CONTENT OVERVIEW: THE “NOTEBOOK” Module 1: Overview and Introduction Module 2: Making Sense of the Appendices and the Alignment Document Module 3: The Quest for Rigor Module 4: Deconstructing the Standards Module 5: Assessment and Content Frameworks 3
Goal Participants will connect and apply background experience with standards to expand their understanding of the history, purpose, process, design, and content of the 2010 Arizona ELA Standards. Essential Questions Why Common Core Standards? What are the Instructional Shifts called for in the Common Core Standards? Why is the design of the document important? What is not covered by the AZ 2010 ELA Standards? What are characteristics of students who are college and/or career ready? How do I read this document? (K-12) OVERVIEW AND INTRODUCTION 4
THE COMMON CORE STATE STANDARDS INITIATIVE 5 Beginning in the spring of 2009, Governors and state commissioners of education from 48 states, 2 territories and the District of Columbia committed to developing a common core of state K-12 English- language arts (ELA) and mathematics standards. The Common Core State Standards Initiative (CCSSI) is a state-led effort coordinated by the National Governors Association (NGA) and the Council of Chief State School Officers (CCSSO).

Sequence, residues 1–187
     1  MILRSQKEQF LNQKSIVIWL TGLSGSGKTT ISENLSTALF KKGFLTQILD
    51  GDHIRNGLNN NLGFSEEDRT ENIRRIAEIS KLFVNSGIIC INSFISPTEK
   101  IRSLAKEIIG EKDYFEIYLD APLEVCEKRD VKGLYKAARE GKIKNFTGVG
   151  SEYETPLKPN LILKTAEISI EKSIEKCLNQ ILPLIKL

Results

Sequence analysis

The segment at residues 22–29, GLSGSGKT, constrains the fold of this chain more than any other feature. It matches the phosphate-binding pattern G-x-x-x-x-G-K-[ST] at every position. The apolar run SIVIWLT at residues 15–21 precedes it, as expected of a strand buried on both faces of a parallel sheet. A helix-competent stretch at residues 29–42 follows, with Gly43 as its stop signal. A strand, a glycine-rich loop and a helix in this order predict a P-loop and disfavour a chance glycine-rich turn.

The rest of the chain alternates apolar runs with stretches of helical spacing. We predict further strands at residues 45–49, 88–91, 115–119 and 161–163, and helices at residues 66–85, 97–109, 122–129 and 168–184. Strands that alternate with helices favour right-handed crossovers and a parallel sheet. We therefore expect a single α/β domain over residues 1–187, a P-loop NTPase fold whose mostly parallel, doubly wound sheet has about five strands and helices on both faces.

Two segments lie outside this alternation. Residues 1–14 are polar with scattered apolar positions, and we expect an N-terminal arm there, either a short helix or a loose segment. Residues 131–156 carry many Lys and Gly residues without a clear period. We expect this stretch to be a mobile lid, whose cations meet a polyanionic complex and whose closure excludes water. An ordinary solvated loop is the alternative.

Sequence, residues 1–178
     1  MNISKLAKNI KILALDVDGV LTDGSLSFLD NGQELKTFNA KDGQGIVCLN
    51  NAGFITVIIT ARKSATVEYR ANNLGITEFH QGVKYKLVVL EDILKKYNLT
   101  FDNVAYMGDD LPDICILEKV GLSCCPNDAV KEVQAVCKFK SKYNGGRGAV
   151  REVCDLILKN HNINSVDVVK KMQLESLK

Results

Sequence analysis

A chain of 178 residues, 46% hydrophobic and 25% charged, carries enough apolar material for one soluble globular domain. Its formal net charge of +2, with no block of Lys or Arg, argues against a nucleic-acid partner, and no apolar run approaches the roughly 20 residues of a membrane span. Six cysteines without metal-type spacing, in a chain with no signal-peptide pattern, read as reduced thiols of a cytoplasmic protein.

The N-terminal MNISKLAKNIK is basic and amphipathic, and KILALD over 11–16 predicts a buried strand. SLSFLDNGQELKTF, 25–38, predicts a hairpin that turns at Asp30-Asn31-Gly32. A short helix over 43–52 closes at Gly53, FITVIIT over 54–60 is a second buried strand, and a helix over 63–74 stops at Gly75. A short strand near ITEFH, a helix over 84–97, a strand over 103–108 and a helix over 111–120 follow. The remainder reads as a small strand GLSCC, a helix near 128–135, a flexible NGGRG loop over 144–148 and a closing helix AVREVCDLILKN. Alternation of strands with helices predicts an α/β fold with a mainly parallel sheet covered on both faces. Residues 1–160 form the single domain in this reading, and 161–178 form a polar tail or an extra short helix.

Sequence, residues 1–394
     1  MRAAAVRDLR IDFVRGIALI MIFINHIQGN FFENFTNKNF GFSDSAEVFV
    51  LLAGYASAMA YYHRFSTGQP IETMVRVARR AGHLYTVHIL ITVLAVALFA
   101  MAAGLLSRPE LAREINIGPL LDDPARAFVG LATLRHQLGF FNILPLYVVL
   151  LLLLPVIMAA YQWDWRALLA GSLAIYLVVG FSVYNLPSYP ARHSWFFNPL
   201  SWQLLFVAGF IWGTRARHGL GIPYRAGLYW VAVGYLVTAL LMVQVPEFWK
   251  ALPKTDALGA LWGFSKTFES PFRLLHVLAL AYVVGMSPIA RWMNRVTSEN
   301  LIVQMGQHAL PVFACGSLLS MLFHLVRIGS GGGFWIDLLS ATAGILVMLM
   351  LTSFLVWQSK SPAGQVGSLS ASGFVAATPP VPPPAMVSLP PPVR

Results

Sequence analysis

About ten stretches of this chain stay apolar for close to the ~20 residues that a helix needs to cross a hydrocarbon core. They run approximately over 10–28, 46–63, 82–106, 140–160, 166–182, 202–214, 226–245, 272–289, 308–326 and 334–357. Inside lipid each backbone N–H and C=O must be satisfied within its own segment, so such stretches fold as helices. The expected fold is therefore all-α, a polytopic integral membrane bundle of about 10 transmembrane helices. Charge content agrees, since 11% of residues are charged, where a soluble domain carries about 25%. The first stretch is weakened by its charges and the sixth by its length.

WHY COMMON CORE STATE STANDARDS? 7 Preparation : The standards are college- and career-ready. They will help prepare students with the knowledge and skills they need to succeed in education and training after high school. Competition: The standards are internationally benchmarked. Common standards will help ensure our students are globally competitive. Equity: Expectations are consistent for all – and not dependent on a student’s zip code. Clarity: The standards are focused, coherent, and clear. Clearer standards help students (and parents and teachers) understand what is expected of them. Collaboration: The standards create a foundation to work collaboratively across states and districts, pooling resources and expertise, to create curricular tools, professional development, common assessments and other materials.